Brazilian writer-director Kleber Mendonça Filho talks about his tense, bold and fiercely compelling portrait of urban life in modern-day Brazil.
Neighbouring Sounds is in cinemas on 22 March.
It featured in the First Feature Competition of the 56th BFI London Film Festival.
A young man wakes up to find his girlfriend’s car has been broken into. A mother struggles to sleep, disturbed by the barking of guard dogs next door. An ageing patriarch seeks refuge from the tumult of the ever-changing city in the rural peace of his one-time plantation hideaway.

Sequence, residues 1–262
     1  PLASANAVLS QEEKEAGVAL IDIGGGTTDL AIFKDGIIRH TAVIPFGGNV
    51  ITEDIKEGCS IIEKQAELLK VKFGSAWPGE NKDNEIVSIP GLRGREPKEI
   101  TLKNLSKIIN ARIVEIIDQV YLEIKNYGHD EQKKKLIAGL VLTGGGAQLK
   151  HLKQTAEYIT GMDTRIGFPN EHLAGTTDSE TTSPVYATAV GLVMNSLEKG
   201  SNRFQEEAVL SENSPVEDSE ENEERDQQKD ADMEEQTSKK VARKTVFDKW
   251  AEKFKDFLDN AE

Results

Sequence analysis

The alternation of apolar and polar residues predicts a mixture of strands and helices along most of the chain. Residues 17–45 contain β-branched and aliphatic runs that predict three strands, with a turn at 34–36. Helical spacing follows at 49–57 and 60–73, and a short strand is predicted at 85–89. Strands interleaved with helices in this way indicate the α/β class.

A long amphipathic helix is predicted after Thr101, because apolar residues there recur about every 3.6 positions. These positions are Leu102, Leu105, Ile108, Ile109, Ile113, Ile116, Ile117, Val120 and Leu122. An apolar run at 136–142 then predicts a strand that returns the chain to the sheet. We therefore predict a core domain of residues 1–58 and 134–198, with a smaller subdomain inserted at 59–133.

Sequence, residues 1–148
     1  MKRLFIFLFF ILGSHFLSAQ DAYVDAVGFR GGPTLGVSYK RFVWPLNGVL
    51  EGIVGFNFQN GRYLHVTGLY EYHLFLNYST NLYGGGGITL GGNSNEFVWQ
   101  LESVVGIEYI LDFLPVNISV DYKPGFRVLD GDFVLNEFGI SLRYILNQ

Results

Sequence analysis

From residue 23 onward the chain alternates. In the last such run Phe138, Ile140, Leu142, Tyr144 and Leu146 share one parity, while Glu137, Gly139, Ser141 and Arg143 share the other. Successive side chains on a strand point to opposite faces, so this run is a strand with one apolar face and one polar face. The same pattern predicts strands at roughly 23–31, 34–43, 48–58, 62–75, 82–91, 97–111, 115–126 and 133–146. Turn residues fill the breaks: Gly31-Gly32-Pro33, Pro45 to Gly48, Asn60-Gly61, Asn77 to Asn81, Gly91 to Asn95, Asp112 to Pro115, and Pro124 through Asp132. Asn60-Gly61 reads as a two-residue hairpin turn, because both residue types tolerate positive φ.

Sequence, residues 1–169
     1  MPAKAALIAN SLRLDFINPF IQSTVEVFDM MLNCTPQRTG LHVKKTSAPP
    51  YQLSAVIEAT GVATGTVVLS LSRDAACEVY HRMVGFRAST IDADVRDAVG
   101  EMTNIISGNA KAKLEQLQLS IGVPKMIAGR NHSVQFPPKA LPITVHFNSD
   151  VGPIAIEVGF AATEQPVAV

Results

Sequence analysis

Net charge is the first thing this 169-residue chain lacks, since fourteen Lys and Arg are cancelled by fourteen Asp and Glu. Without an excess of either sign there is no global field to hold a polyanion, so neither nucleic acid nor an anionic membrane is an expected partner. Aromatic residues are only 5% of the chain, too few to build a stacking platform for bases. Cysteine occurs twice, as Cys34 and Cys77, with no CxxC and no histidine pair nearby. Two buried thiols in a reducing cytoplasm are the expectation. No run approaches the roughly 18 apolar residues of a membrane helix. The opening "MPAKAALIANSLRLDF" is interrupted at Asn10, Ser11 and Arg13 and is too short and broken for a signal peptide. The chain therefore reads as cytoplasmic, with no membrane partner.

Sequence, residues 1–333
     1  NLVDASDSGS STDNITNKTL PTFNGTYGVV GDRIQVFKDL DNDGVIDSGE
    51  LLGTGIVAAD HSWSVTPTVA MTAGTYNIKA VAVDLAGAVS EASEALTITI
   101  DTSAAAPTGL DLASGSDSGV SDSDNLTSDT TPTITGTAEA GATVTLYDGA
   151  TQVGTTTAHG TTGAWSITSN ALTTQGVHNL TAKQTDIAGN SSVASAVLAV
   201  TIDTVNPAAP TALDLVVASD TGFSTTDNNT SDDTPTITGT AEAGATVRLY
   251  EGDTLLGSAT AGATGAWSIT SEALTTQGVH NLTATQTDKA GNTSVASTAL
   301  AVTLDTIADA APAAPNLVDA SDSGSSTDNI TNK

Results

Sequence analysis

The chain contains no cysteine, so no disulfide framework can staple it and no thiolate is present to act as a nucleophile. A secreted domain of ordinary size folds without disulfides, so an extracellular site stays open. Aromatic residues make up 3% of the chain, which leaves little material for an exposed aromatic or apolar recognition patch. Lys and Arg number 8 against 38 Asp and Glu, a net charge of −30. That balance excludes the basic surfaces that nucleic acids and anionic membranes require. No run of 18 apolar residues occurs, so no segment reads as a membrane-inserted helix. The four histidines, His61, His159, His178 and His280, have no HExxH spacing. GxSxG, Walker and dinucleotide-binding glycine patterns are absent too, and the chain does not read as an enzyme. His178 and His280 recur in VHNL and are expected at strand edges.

A dazzling ensemble drama, Neighbouring Sounds is set among a handful of residents in a middle-class street in the northern Brazilian city of Recife. Focusing on the appearance of a gang of private security guards who offer householders the promise of protection, writer-director Kleber Mendonça Filho offers revealing fragments of a society frayed by paranoia.
The results thrillingly defy categorisation, but what emerges under Filho’s precise, quietly virtuoso direction is a film of novelistic richness and sly provocation; a kind of urban horror story about the fear of violence that ripples under the fragile poise of everyday middle-class life in Brazil. One thing’s for sure: this is a directorial debut of astonishing assurance.